• Earn Your Happy Ending: And how!
  • Eccentric Mentor: Bishop Myriel.
  • The Eeyore: Grantaire.
    "I desire to forget life. Life is a hideous invention by somebody I don't know. It doesn't last, and it's good for nothing. You break your neck simply living."
  • Embarrassing Rescue: Valjean sees Javert is slated for execution and requests that he have the privilege of killing the spy. Being killed by Valjean squares with Javert's rigid view of the world and he accepts it, feeling like a martyr. When Valjean unties him, fires into the air, and urges him to flee — after telling Javert his address so Javert can find him after the fighting is over — Javert at first thinks it's a trick, and is so shocked that he later self-terminates due to the ensuing cognitive dissonance. His entire view of the world is crumbling, and furthermore, as long as he is alive he must pursue Valjean, but at the same time he feels he should not pursue a man who saved his life.
  • The Everyman: Jean Valjean, who was a simple tree pruner before his imprisonment. His name means, literally, "John, here's John." (as "Voilà Jean" became "Valjean")
  • Evil Cannot Comprehend Good: Part of the reason why Javert is Driven to Suicide, although he's far more "rigid to a fault" than "evil".
  • Evil Gloating: Thénardier performs a near textbook example to Valjean when he has him captured in his room in Paris.
  • Exactly What It Says on the Tin: One of the meanings of the title is "The Miserable Ones". And boy, is that ever accurate.
  • Face Death with Dignity:
    • Javert when expecting to be executed by the students.
    • Enjolras and Grantaire facing down the National Guard.
  • Fail O'Suckyname: Jean Valjean is supposed to be a contraction of "Voilà Jean" – "Here's Jean". Still better than one of the names Hugo considered earlier: "Jean Sou" (figuratively "Jean Penny")
  • Faking the Dead: Valjean escapes prison this way.
  • Faux Affably Evil: Thénardier tries this several times.
  • Felony Misdemeanor: 5 years for a loaf of bread, definitely not something the author agrees with. Inspector Javert seems to approve of these. He is perfectly willing to throw Fantine, a penniless prostitute who is on her knees begging for the life of her child, into jail for six months on account of assaulting a bourgeois who had deliberately provoked her, and who is unavailable to testify.
  • The Fettered:
    • Jean Valjean, albeit more through an insistence on Good than Law.
    • Javert, though with the much more standard insistence on Law.
  • The Fighting Narcissist: Montparnasse, who became a vicious street crook for the sake of staying fashionable and prides himself on his beauty even as he murders and steals his way through life.
  • Flashback: Mostly from Valjean's POV.
  • The Fool: Fantine. At first.
  • Forgotten Trope: The penal system in 19th-century France; the Bourbon Restoration.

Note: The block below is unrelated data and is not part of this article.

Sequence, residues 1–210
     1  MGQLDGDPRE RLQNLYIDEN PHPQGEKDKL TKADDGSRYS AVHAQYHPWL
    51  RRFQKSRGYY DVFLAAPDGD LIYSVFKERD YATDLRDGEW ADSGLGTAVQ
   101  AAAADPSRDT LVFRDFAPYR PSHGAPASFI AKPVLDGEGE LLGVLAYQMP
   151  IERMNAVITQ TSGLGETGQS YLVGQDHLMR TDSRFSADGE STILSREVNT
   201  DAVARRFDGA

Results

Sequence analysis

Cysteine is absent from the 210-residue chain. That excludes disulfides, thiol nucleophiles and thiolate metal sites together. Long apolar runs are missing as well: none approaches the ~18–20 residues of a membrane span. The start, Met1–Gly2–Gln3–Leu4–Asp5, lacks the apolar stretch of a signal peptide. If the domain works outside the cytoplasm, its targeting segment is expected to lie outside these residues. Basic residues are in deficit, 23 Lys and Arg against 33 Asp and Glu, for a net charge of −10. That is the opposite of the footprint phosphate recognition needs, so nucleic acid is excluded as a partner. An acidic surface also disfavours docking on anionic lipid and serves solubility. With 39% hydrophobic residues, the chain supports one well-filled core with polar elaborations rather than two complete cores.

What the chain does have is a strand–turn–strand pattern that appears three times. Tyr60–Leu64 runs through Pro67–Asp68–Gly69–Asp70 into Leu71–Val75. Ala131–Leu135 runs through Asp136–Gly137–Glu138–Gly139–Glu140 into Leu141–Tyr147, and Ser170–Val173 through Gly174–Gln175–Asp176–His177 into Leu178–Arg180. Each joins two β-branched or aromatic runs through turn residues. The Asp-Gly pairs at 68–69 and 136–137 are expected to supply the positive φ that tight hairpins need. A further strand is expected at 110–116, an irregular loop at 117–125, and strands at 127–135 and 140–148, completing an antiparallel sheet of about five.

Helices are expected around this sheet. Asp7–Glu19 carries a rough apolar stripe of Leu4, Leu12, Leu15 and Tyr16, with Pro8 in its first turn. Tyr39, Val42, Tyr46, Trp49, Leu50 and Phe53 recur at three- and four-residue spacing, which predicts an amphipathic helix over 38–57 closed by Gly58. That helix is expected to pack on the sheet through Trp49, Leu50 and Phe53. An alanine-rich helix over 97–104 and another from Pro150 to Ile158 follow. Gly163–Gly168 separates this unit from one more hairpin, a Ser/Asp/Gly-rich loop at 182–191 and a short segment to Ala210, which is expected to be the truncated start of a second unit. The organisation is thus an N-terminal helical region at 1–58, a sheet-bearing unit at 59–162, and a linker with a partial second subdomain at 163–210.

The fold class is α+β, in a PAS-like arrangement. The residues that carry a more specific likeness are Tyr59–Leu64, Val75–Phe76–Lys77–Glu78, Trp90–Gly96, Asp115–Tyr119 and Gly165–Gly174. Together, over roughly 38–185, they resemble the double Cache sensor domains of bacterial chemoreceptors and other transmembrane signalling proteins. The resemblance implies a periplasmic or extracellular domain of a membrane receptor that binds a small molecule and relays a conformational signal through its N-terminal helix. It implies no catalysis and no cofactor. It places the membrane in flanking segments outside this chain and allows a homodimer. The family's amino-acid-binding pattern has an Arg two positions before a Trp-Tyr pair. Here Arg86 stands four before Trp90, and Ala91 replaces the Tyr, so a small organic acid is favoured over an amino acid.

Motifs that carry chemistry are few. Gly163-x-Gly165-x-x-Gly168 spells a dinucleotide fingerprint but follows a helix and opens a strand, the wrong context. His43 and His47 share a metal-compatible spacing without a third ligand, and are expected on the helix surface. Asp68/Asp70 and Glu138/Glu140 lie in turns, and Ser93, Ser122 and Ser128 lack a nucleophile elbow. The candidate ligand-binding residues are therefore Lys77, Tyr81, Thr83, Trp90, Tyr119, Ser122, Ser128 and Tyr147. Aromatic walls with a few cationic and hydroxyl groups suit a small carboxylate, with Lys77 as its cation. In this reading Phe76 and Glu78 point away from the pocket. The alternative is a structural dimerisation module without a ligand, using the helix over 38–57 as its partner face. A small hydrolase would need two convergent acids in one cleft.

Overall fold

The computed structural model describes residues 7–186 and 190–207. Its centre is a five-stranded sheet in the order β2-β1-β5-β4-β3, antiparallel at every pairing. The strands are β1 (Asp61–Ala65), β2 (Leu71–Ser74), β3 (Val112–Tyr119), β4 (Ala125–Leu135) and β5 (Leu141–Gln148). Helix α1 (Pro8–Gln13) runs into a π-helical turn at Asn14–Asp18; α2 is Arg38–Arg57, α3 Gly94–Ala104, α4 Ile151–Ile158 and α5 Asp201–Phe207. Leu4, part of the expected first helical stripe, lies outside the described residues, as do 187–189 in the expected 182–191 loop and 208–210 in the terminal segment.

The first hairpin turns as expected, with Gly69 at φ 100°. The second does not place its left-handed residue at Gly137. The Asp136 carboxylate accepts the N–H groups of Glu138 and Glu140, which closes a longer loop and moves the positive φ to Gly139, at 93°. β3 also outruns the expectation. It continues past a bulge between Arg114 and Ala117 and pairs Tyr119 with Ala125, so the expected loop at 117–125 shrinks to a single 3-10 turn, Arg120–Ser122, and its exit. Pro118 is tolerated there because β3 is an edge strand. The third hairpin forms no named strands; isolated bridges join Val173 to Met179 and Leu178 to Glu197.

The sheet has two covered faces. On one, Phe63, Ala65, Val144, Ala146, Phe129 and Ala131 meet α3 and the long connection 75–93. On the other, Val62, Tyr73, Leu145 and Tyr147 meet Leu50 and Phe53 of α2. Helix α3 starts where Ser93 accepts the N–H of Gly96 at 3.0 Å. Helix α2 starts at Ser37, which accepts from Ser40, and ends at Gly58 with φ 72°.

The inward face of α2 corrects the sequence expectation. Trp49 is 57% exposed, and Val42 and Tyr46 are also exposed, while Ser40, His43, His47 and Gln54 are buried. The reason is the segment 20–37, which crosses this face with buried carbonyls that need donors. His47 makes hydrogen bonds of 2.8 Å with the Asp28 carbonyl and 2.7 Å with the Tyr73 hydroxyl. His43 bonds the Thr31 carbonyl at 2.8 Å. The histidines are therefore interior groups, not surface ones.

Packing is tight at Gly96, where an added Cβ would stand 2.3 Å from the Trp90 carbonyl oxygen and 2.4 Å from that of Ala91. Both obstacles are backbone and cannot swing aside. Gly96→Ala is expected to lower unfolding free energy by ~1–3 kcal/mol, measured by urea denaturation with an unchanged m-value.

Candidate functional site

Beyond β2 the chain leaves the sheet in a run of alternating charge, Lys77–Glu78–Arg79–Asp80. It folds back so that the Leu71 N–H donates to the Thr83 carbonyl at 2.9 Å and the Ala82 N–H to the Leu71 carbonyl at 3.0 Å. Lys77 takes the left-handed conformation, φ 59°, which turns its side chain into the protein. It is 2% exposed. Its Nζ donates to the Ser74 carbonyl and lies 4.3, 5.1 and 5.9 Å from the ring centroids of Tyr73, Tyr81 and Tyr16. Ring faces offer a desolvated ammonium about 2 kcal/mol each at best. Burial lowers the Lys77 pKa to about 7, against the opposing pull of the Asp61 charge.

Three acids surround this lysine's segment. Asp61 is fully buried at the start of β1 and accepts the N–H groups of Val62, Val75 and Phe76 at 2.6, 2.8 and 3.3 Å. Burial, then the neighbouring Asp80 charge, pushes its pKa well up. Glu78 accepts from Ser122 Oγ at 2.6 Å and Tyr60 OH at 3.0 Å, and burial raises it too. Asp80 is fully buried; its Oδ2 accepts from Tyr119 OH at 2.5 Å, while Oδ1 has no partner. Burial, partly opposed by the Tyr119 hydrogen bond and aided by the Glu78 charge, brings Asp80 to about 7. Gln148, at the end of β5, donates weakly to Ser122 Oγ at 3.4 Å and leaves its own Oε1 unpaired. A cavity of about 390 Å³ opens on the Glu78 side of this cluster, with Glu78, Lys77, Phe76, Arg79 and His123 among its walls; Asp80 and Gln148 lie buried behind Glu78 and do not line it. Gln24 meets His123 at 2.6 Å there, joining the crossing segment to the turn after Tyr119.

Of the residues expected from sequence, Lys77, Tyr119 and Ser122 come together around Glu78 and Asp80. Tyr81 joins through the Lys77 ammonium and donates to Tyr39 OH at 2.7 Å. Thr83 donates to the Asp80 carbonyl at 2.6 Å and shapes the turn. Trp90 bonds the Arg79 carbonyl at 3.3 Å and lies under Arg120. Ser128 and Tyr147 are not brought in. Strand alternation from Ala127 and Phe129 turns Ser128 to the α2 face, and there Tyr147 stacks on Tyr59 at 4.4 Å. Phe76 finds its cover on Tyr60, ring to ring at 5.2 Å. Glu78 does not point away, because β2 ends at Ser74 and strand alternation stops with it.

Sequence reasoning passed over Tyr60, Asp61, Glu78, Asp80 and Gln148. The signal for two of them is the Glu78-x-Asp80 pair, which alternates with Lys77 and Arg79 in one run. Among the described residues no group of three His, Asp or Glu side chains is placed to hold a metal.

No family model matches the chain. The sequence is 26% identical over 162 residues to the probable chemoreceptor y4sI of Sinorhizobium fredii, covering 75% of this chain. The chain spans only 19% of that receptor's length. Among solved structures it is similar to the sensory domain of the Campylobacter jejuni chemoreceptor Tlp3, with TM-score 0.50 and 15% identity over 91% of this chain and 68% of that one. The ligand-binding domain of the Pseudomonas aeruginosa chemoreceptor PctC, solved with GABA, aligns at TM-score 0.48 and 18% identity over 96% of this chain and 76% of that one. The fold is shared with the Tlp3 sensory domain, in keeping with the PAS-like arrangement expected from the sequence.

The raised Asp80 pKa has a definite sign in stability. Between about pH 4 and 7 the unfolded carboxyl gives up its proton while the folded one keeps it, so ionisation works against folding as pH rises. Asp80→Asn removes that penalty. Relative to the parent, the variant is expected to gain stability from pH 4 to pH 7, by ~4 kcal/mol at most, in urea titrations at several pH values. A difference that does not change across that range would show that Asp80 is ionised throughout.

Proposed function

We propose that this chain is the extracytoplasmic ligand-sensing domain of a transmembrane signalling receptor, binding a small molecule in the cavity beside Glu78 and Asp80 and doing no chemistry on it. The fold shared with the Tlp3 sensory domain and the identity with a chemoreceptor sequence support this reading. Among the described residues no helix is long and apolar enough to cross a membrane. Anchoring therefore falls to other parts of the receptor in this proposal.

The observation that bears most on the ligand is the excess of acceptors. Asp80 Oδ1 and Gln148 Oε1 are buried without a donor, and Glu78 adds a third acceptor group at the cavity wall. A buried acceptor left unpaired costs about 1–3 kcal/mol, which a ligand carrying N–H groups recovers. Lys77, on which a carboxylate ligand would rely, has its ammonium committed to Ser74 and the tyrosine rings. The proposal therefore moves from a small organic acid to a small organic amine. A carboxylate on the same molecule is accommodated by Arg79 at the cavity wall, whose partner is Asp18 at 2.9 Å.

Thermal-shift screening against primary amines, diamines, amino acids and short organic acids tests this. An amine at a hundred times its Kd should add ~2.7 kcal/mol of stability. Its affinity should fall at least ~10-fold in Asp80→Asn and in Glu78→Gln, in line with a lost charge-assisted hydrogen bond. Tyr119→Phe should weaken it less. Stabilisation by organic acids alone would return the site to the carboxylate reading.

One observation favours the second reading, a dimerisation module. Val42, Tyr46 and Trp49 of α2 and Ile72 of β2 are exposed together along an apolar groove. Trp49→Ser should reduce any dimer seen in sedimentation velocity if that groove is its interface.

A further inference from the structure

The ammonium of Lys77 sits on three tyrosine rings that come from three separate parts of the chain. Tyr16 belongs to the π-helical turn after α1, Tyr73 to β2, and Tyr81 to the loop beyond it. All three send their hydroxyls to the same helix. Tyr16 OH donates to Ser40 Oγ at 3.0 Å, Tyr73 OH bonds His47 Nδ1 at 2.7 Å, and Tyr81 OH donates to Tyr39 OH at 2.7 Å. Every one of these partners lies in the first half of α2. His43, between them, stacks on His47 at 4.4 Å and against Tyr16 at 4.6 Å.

• Freudian Excuse: The reason for Javert's extremely harsh black and white world view and his complete inability to relate to other people. The trope is very interestingly used in Javert's situation, as he was born in prison the child of a prostitute and a thief, but completely rejects the idea that circumstances rather than evil nature can explain crime.
  • Girls with Moustaches: Mme Thénardier has one.
  • Good Shepherd: Bishop Myriel.
  • Go Out with a Smile: Enjolras gives one to Grantaire before they are both shot.
  • Great Escape: When Thénardier and his gang escape from La Force prison, it fills many parts of that trope. Apart from maybe the fact that it's far from being central to the plot.
  • Had to Come to Prison to Be a Crook: Jean Valjean. He's just a really poor guy who steals bread to survive and ends up serving nineteen years in prison. When he came there, he's afraid and crying, when he leaves, he's hardened and considered dangerous. And the narrator agrees! He does undergo a heel face turn later, though.
  • Hair of Gold, Heart of Gold: Fantine, at first. Then she cuts nearly all of it off, and what's left turns gray.
  • Happily Adopted: Cosette.
  • Have a Gay Old Time: Valjean does not like being stuck under douches.
  • Heartwarming Orphan: Gavroche isn't actually an orphan, but he still basically fits.
  • Heel-Face Turn: The biggest one from Valjean after the bishop pardons him for stealing his silver. Another one from Javert after Valjean refuses to kill him. One from Marius after learning the truth about Valjean's past.
  • Hellhole Prison: Well, it is the 19th century.
  • Hero Antagonist: Inspector Javert is a subtrope of this.
  • Heroic Bastard: Both Fantine and Cosette.
  • Heroic BSOD: Javert has a huge one after Valjean spares his life.
  • Hero with Bad Publicity: Valjean may have saved the lives of everyone and their dog, but to those who know his identity, he is still an ex-convict/convict on the run and more often than not treated accordingly.